Tisha B'av

Tips To Fasting So Well You Won’t Start Looking At Food Pics Until At Least Late Afternoon

Michal Frischman July 31, 2017

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Fasting may be the new rage in weight loss and calorie control, but when you’re fasting in mourning rather than to fit into your summer clothes, somehow it doesn’t hold the same charm. Here are some tips for you to get the through the day feeling well enough that you can focus on the meaning of Tisha B’av. Remember, if you’re an expectant mother, have diabetes, kidney disease, or any other health issue that would prohibit you from fasting safely, consult with your doctor as well as your rabbi ahead of time to determine how much you can and should fast.

Water, Water Everywhere.

If you’re not always so great at getting your 8 cups of water in (more on whether you truly need 8 actual cups on another day), make up for lost time a few days before the fast. Hydrate well by drinking water. Headaches, dizziness, and general not-feeling-well-ness are primarily caused by dehydration, not hunger, so take the edge off that fast day feeling by drinking days before the fast.

Skip the Sports Drinks.

While colorful labels full of compelling talk of electrolyte power seems like the way to go, save your money and your calories. The electrolytes you need when you hydrate are sodium and potassium, and you can easily get those from food sources. Eat a banana, skip the Gatorade.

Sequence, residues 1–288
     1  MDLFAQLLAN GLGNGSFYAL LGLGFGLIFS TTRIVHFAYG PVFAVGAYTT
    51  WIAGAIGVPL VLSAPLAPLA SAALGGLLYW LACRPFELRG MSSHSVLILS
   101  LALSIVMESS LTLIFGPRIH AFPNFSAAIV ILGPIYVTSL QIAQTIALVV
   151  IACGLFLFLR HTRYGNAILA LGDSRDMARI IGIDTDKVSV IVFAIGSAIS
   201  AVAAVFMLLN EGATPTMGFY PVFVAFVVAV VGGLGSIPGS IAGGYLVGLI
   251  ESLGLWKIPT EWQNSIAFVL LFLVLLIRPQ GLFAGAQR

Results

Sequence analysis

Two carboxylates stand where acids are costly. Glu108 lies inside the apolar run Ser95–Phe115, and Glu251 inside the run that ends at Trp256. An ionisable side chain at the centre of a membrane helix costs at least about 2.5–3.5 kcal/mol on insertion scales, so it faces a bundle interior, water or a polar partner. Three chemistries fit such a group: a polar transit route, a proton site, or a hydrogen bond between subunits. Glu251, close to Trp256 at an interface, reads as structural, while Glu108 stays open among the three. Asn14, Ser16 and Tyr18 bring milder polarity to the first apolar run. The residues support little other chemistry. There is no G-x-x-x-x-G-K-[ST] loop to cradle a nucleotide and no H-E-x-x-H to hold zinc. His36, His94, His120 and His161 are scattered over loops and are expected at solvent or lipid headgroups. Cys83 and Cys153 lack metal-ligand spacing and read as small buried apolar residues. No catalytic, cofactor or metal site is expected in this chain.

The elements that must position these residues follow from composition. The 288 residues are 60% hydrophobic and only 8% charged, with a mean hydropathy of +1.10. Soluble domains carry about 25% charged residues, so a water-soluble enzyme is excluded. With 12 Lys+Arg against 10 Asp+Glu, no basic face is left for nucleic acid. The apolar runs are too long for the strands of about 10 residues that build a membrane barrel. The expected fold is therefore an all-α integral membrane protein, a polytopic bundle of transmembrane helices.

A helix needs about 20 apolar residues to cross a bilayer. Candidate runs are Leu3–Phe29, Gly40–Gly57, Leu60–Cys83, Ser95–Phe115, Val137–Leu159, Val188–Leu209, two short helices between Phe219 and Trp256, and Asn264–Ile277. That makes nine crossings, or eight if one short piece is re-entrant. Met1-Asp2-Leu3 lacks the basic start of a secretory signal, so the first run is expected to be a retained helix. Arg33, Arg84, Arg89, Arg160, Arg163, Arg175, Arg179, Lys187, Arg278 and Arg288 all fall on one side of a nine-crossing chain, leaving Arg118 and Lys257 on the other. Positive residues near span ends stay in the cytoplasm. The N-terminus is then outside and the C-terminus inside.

Hydrate in advance, but don’t be dramatic about it.

Overdoing the water intake can shock your system and automatically flush all of it out, taking precious electrolytes with it. Increase your water intake by a few cups a day until Monday, so your body has time to get used to an increased fluid intake.

Cut Back on the Caffeine.

Caffeine withdrawal headaches are no joke, so stave off the migraines by cutting back early. Switch to half-caf or decaf coffee a few days before the fast will allow your body to get used to minimized caffeine levels and accommodate accordingly. If you drink multiple cups of coffee a day, start cutting back as early as you can.

If all else fails: caffeine capsules.

Speak to your local Orthodox rabbi about how and when you can take these magic pills. Bear in mind that in the US, caffeine pills are considered a supplement, not a medication, and are therefore not regulated by the FDA. Check the ingredients list carefully and speak to your doctor or pharmacist for a brand recommendation.

Seuda Hamafsekes the right way.

Make your last prefast meal count; don’t cram arbitrary calories in hopes of tiding you over until the break-fast. Your meal should contain all three vital macronutrients-carbohydrates, protein and fats- in order to stay full for longer. Be sure to choose complex carbohydrates like whole grains, fruits and vegetables to avoid a blood sugar spike and subsequent crash, which will leave you feeling awful.

Pace yourself after the fast.

It’s easy to gorge yourself on pastries and bread after 24 hours of fasting, but we all have personal experience as to how bad that feels. Break your fast on some water (we suggest adding a little lemon juice and whole lemon slices) then move on to a balanced meal- also including complex carbohydrates, protein and fats.

Listen to your body.

Adults, especially Americans, are excellent at ignoring the signs of satiety that their body sends them, moving seamlessly from satisfied, to full, to stuffed beyond all rational thought. Eyes bigger than your stomach? Take a break and let your brain register what your stomach is feeling. That cinnamon bun isn’t going anywhere.